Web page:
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Redistribution of Residual Stress by Thermal Shock in Reactor Pressure Vessel Steel Clad with Nickel Alloy

Research output: Contribution to journalArticle

Original languageEnglish
Pages (from-to)37-47
Number of pages11
JournalInternational Journal of Pressure Vessels and Piping
Volume169
Early online date17 Nov 2018
DOIs
DateAccepted/In press - 11 Nov 2018
DateE-pub ahead of print - 17 Nov 2018
DatePublished (current) - Jan 2019

Abstract

This paper characterises the residual stress in nuclear reactor pressure vessel steel clad with nickel-based alloy and investigates the interaction between residual and thermal stresses during thermal shock. Residual stress measurements were made on two plates of SA508 Grade 4N steel, clad with Alloy 82 nickel-based alloy. The techniques used to measure the residual stresses were: deep hole drilling, centre hole drilling, and the contour method. One plate was as-welded, the other post-weld heat-treated. The post-weld heat-treated plate was subjected to thermal shock by heating it up and then spraying the surface of the cladding with cold water. The residual stress was measured again afterwards. A finite element simulation was made to investigate the physical mechanisms causing residual stress redistribution during thermal shock. Thermal shock caused significant residual stress redistribution in the cladding due to elastic-plastic interaction between the thermal stress and the cladding residual stress. The results demonstrate that an assessment of the safety of a reactor pressure vessel during thermal shock could be conservative for small surface defects if it is assumed that residual and thermal stresses combine elastically.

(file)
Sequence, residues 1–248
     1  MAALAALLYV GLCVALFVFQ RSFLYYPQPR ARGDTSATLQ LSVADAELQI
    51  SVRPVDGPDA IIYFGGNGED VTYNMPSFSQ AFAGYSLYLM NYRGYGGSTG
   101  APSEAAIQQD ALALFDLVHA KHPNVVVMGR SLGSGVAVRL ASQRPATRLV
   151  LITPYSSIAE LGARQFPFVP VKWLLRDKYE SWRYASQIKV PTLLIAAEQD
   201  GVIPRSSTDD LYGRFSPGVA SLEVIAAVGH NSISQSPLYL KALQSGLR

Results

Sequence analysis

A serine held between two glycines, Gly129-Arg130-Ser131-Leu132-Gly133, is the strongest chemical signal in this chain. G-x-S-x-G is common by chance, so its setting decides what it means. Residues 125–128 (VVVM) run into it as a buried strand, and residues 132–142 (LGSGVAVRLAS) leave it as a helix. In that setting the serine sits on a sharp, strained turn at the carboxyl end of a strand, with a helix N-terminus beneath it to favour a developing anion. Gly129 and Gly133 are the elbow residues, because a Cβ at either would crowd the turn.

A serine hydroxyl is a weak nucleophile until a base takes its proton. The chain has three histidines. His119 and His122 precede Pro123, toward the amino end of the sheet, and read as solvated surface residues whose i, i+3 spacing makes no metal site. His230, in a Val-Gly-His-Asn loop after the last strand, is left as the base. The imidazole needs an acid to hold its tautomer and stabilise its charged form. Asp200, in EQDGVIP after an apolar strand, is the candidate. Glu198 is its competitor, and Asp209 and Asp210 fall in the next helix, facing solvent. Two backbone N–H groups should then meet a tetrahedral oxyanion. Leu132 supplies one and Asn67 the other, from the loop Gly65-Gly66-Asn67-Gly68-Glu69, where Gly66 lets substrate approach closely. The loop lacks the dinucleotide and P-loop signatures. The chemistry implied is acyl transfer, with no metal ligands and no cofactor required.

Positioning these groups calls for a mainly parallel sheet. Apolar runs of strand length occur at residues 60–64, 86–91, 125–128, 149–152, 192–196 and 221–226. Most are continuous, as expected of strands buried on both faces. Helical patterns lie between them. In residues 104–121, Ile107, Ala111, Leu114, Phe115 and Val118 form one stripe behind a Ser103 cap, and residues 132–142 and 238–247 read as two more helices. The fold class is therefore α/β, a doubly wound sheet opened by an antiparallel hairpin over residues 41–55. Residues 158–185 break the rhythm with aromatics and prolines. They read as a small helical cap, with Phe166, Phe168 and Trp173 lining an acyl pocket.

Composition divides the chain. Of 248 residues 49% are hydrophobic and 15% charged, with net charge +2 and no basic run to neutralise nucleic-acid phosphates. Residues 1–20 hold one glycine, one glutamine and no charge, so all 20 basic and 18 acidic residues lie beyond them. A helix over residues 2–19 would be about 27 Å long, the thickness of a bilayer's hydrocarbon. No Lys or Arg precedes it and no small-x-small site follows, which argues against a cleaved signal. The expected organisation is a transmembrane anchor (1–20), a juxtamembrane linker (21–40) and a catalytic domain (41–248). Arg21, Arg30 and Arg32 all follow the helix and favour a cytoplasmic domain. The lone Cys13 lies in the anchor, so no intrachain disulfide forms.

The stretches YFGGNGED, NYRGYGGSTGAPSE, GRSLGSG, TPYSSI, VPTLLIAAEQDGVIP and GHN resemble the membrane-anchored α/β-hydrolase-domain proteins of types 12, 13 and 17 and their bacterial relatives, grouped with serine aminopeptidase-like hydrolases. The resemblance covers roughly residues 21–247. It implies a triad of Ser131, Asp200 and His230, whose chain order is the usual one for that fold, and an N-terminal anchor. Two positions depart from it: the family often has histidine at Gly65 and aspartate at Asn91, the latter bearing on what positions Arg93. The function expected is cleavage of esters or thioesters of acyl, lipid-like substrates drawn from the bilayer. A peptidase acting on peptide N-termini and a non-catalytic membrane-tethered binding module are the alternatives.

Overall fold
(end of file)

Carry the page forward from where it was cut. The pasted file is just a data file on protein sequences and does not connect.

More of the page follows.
Research areas

  • Residual stress, Structural integrity, Thermal stress, Cladding, Thermal shock

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  • Full-text PDF (accepted author manuscript)

    Rights statement: This is the author accepted manuscript (AAM). The final published version (version of record) is available online via Elsevier at https://doi.org/10.1016/j.ijpvp.2018.11.007 . Please refer to any applicable terms of use of the publisher.

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    Embargo ends: 17/11/19

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